2.3.2. Estimation of the Effective Diffusivity
The Equation (5) is that of Ficks which governs the diffusion of mass through the vegetation products  .
Table 2. Mathematical models used in the kinetics absorption of CSs.
where Deff is the effective coefficient of diffusion in m2/s and M is the rate of absorption. The analytical solution of the Equation (5), for a radial diffusion in a hollow sphere () was developed by Carslaw and Jaeger in 1959  . By admitting that the effective coefficient of diffusion depends neither on the concentration, nor on the position, the ratio of the instantaneous rate of absorption obeys the Equation (6).
where MR is the moisture ratio of the water content of all the sample at the moment t and n is a positive entirety.
In the case that the interior radius r = Ri and the exterior radius r = Re are maintained with concentrations C1 and C2 respectively such as C1 = C2, the solution of Carslaw and Jaeger is given by the expression of the equation while limiting at the first term of this series we obtain Equation (7) given by;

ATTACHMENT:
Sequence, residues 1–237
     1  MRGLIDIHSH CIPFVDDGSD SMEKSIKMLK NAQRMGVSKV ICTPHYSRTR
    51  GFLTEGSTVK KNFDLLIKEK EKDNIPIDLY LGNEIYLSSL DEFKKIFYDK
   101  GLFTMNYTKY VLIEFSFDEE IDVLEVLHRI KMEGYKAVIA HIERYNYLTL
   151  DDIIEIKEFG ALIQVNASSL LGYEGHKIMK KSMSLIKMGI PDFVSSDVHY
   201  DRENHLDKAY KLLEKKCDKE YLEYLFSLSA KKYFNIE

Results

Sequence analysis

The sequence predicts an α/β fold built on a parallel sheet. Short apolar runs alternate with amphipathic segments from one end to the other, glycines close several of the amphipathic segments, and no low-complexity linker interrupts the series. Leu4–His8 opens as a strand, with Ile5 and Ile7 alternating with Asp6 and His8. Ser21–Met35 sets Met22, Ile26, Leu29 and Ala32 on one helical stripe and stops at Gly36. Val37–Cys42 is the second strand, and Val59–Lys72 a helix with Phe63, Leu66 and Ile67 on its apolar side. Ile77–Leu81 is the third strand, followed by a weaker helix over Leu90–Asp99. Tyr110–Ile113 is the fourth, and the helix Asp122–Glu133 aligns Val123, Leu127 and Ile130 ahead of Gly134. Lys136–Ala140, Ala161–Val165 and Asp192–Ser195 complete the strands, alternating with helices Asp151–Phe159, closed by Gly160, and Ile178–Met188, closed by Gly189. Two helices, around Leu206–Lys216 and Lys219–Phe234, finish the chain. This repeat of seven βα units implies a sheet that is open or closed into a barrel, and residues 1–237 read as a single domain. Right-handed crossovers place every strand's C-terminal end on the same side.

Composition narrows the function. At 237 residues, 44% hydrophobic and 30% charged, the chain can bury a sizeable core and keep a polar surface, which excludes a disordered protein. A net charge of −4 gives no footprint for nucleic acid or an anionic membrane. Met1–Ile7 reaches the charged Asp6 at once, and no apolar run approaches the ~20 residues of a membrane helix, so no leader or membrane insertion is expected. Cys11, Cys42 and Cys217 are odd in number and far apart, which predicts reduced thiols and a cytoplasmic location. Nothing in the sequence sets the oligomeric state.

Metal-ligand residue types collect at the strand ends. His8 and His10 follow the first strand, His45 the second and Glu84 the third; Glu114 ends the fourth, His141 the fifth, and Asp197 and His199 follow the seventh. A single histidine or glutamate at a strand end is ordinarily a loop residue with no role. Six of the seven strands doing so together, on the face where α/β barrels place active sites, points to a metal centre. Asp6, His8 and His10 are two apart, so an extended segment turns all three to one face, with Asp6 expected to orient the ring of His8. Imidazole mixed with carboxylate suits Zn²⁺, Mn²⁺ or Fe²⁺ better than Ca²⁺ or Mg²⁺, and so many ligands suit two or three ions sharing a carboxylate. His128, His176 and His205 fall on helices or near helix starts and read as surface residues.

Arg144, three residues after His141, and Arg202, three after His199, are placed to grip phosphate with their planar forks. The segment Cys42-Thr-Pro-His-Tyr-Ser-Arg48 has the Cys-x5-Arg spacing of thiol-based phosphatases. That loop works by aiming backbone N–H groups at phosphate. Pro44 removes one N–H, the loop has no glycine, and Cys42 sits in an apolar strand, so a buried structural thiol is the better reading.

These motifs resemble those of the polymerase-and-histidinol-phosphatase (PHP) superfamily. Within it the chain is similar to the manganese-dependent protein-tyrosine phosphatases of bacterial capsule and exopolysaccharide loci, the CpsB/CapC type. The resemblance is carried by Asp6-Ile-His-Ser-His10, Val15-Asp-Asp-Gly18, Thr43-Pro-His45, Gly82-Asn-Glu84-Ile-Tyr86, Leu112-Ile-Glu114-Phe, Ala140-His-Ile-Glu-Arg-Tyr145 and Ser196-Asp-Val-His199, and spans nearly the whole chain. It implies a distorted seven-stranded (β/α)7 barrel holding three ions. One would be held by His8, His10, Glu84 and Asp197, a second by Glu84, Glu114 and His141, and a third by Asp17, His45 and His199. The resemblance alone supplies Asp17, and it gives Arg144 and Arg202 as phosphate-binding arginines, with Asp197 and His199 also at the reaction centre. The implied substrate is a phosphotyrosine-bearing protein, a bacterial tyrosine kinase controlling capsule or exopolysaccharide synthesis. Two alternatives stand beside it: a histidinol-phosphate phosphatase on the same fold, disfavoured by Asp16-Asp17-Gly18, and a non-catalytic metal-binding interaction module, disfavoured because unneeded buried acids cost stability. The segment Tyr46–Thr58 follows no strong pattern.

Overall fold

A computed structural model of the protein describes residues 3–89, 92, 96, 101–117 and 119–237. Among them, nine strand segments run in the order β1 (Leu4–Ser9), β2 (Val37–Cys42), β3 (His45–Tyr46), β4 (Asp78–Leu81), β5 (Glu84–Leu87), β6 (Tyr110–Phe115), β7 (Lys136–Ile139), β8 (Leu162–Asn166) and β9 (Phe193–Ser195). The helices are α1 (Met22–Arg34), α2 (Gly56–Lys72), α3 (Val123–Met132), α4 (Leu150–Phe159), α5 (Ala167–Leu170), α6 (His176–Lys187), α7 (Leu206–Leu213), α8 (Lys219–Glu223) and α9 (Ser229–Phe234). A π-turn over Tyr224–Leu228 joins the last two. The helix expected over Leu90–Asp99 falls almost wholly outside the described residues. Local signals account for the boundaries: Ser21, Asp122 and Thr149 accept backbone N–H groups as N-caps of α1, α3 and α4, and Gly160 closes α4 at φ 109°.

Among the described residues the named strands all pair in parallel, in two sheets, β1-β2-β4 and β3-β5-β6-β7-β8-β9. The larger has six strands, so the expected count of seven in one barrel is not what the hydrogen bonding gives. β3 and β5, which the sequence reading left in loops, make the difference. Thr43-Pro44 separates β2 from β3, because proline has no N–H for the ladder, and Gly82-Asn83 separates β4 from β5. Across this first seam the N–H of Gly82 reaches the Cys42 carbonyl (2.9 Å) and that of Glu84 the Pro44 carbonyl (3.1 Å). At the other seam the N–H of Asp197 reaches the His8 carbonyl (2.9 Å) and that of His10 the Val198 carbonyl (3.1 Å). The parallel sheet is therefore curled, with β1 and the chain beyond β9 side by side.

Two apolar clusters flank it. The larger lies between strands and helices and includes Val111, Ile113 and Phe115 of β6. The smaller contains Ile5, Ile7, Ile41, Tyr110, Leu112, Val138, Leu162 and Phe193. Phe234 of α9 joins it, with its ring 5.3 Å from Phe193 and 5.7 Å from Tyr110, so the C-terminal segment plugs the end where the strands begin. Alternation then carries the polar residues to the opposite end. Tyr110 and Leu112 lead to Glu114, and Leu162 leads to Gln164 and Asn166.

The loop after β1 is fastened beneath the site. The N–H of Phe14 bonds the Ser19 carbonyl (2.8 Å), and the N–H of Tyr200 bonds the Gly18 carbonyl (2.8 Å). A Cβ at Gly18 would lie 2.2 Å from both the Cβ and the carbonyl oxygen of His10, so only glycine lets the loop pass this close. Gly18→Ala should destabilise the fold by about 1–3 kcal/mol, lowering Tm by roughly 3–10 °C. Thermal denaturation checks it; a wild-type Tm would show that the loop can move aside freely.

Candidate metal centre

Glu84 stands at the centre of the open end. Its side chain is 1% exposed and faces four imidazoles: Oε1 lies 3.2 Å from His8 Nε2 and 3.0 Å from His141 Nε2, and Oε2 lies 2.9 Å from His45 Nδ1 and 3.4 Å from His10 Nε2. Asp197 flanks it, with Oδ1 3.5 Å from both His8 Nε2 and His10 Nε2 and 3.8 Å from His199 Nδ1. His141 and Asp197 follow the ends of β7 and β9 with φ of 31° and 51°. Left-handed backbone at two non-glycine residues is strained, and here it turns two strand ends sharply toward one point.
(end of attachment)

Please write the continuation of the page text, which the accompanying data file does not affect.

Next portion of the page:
The Neperien logarithm of the Equation (7) by taking in account the two phases of absorption, gives the Equation (8) which makes it possible to determine the coefficients of diffusion Deff1 and Deff2 at the initial and final phases respectively. Where is the Heaviside function and τ is the duration of the initial phase of absorption.
To determine the effective coefficient of diffusion, it is enough to trace the linear straight regression line of according to time t at the initial phase and at the final phase. The slope of this line makes it possible to calculate Deff according to Equation (9).
3. Results and Discussion
3.1. Absorption Ratio
The instantaneous rates of absorption made it possible to plot the curves of the rate of absorption as a function of time. Figure 2 shows us the evolution of the rate of recovery according to time for the two species. It appears on this figure that the kinetics of absorption is faster at the beginning.
Table 3 gives the values of the rates of absorption obtained for each of the two species. It arises that species 2 has a little higher rate of absorption. It appears clearly in Table 3 that species 2 absorbs water a bit than species 1.
3.2. Kinetic of Water Absorption